the committee," the United States have no right to interfere, provided it be in British vessels or in any other than those of the United States. That American citizens should be exempted from its operation is all that they demand. Experience has shown that this cannot be secured otherwise than by the vessel in which they sail. Take from American citizens this barrier, which ought to be held sacred, and there is nothing to protect them against the rapacious grasp of the British navy. This then is the extent of the demand of the United States; a demand so just in itself, so consistent and inseparable from their rights as an independent nation, that it has been a cause of astonishment that it should ever have been called in question. The foundation of the British claim is, that British seamen find employment in the service of the United States: this is represented as an evil affecting essentially the great interests of the British nation. This complaint would have more weight, if sanctioned by the British example. It is known, on the contrary, that it is in direct repugnance to it. Great Britain does not scruple to receive into her service all who enter into it voluntarily. If she confined herself within that limit, the present controversy
By the commercial regulations of the British settlements in the East Indies, all foreign vessels are obliged to give bond for the landing of their cargoes in the country to which they respeetively belong.
would not exist. Heretofore the subjects of even the most despotic powers have been left at liberty to pursue their own happiness, by honest industry, wherever their inclination led them. The British government refuses to its seamen that privilege. Let not this then be a ground of controversy with Great Britain. Let it be distinctly understood, that in case an arrangement should be made between the two nations, whereby each should exclude from its service the citizens and subjects of the other, on the conditions and principles above stated, that this house will be prepared, so far as depends on it, to give it effect, and for that purpose to enact laws, with such regulations and penalties as will be adequate. With this pledge, it is not perceived on what ground the British government can persist in its claim. If British seamen are excluded from the service of the United States, as may be effectually done, the foundation of the claim must cease.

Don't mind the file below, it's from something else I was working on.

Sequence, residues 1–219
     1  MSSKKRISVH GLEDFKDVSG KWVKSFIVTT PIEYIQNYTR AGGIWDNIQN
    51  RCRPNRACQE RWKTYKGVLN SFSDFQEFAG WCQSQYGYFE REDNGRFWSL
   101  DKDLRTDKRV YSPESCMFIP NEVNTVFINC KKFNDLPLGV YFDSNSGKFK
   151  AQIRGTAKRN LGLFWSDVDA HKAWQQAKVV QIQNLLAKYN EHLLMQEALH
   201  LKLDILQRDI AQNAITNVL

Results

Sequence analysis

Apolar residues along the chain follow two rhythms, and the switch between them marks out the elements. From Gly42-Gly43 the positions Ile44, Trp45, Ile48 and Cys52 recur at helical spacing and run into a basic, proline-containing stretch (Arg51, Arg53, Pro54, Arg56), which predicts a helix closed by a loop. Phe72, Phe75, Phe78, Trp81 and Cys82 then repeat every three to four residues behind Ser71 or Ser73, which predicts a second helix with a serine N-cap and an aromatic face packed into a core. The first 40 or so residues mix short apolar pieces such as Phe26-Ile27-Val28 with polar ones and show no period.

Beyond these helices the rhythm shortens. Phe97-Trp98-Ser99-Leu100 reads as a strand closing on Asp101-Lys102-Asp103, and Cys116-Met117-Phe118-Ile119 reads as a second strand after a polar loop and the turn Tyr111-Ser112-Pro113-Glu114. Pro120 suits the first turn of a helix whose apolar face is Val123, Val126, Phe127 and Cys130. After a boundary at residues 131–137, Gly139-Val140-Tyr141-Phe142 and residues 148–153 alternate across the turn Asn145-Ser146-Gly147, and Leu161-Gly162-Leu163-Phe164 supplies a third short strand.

When it is known that not one British seaman could be found on board American vessels, it would be absurd to urge that fact as a motive for impressment. In declaring a willingness to give effect to the proposed arrangement, your committee consider it equally the duty of the house to declare, in terms the most decisive, that should the British government still decline it, and persevere in the practice of impressment from American vessels, the United States will never acquiesce in that practice, but will resist it unceasingly with all their force."
The bill reported by the committee, after receiving various amendments in both houses, none of which, however, affected its principle, was finally enacted on the last day of the session. It passed in the house of representatives by a majority of 56, the votes being ayes 89, nays 33. This act being of great importance, as showing the attitude taken by the United States in the present war, it is thought proper to present the following abstract of its provisions.
After the termination of the war in which the United States are now engaged with Great Britain, it shall not be lawful to employ on board any of the public or private vessels of the United States any persons but citizens of the United States,
or persons of colour natives of the United States; neither shall it be lawful to employ any naturalized citizen, unless such citizen shall produce to the commander of the public vessel, or to a collector of the customs, a certified copy of the act by which he shall have been naturalized; and no person who shall arrive in the United States after the time when this act shall take effect, shall be admitted to become a citizen of the United States, who shall not, for the continued term of five years next preceding his admission, have resided within the United States, without being at any time during the said five years out of the territory of the United States.